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How to read your contact lens prescription

A contact lens prescription includes detailed information specific to your eyes to tell a lens supplier/optician what lenses best fit your eyes and what level of correction is needed to provide the best vision.

Understanding your contact lens prescription is important when purchasing your contact lenses from another source, such as an online retailer or a different optician to the one that supplied you your prescription.

Please be aware that your contact lens prescription is different to your glasses prescription.


How do I understand my prescription?


Most contact lens prescriptions in the UK will be displayed like the one below, or similar, not all specification will necessarily be filled in depending on what visual problem your lenses correct.


  Base Curve Diameter Power/Sphere Cylinder Axis Addition Dominant
Left 8.6 14.2 -4.25 -1.75 100 +1.0 D
Right 8.6 14.2 -4.25 -1.75 100 +1.0 N


Further information on your contact lens prescription will include:

Contact Lens Brand/Name: The name of the lenses you wear, whether they are branded e.g. Acuvue or Focus Dailies or optician's own e.g. Specsavers or Boots.

Expiration Date: This is the date in which your lens prescriptions expire and you should see your optician again to renew your prescription.



What do the categories mean?


Power/Sphere (PWR/SPH): The power of your lens specifies the level of visual correction you need to see perfectly, the further the number is away from the zero the higher your prescription. A minus sign indicates that you are short-sighted and need lenses to correct myopia, and a plus sign shows that you are long-sighted and need correction for Hyperopia.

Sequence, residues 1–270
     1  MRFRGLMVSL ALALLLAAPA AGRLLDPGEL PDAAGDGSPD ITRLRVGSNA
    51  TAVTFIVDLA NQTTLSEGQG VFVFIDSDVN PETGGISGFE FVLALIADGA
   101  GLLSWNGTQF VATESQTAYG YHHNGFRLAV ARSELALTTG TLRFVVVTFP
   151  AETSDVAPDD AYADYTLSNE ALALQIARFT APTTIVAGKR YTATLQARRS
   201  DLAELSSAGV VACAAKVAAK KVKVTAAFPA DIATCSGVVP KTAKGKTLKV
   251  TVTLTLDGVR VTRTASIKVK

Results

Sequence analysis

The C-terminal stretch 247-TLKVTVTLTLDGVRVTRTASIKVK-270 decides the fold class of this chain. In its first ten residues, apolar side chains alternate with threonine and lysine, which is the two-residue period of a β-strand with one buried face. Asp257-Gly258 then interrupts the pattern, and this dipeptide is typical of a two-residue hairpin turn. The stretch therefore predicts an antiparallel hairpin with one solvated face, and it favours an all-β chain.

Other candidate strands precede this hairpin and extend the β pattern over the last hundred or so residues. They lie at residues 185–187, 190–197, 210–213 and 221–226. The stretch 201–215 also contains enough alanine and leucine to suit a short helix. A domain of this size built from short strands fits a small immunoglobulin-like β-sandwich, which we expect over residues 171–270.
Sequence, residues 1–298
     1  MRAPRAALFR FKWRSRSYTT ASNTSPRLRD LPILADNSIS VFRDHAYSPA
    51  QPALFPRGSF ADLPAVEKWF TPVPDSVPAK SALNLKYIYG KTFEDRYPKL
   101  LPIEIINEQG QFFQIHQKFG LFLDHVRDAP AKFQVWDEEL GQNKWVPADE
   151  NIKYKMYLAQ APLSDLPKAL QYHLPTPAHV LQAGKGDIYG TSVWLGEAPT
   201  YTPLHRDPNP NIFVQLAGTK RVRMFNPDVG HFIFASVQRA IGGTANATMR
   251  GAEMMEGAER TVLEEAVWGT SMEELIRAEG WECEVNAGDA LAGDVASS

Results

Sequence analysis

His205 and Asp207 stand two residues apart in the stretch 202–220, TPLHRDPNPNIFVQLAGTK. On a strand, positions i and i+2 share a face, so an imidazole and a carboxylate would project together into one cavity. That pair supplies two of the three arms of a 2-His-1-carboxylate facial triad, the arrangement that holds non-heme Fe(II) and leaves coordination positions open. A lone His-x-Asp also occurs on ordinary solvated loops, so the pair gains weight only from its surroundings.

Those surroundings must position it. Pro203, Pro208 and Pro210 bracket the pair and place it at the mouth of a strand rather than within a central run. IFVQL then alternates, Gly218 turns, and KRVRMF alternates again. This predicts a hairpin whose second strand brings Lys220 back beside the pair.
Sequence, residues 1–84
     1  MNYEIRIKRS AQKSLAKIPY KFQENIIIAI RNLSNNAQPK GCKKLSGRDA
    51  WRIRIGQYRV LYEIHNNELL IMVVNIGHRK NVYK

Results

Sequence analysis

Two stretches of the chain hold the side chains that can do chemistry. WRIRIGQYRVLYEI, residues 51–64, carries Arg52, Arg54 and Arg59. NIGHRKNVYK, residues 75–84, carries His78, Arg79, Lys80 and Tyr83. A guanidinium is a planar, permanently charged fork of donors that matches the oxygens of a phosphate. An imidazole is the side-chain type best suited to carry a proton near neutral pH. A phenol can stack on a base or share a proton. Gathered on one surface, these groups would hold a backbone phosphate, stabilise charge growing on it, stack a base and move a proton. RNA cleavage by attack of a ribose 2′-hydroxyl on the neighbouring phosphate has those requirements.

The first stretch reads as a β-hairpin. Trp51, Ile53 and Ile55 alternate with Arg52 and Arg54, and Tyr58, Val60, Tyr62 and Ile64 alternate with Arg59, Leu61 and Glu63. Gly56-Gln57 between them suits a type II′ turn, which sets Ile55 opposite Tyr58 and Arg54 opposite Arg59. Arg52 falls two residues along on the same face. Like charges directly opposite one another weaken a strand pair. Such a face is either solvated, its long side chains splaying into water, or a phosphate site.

Base Curve (BC):The base curve is the curvature of the lens in millimetres, and determines how well the lens fits your eye, the lower the number the steeper the curve in your cornea. Some brands use non-numeric base curves such as flat, median or steep.

Diameter (DIA): The diameter is the width of your lens in millimetres, it clarifies how big the lens is and where it will sit on your eye. A lens with the wrong diameter can lead to discomfort and irritation.



Prescriptions for astigmatism include additional figures:

Cylinder (CYL): Is an extra figure needed if you have astigmatism, it defines the level of correction needed for your astigmatism. This figure is always a minus numbers, and increases in a scale of 25 dioptres.

Axis (AX): The axis is the direction needed to correct your astigmatism. This is also a number between 0 and 180 degrees.

Multifocal contact lens prescriptions also include an additional measurement:

Addition (ADD): The addition determines the value of added strength needed to correct your vision when looking at objects close up. This can be either a + number between 0.50 and 3.00, or referred to as high, medium or low.

Dominant: Usually displayed as a D or N to signify which eye is your Dominant eye "D" and which is the non-dominant eye "N" for multifocal/bifocal lenses.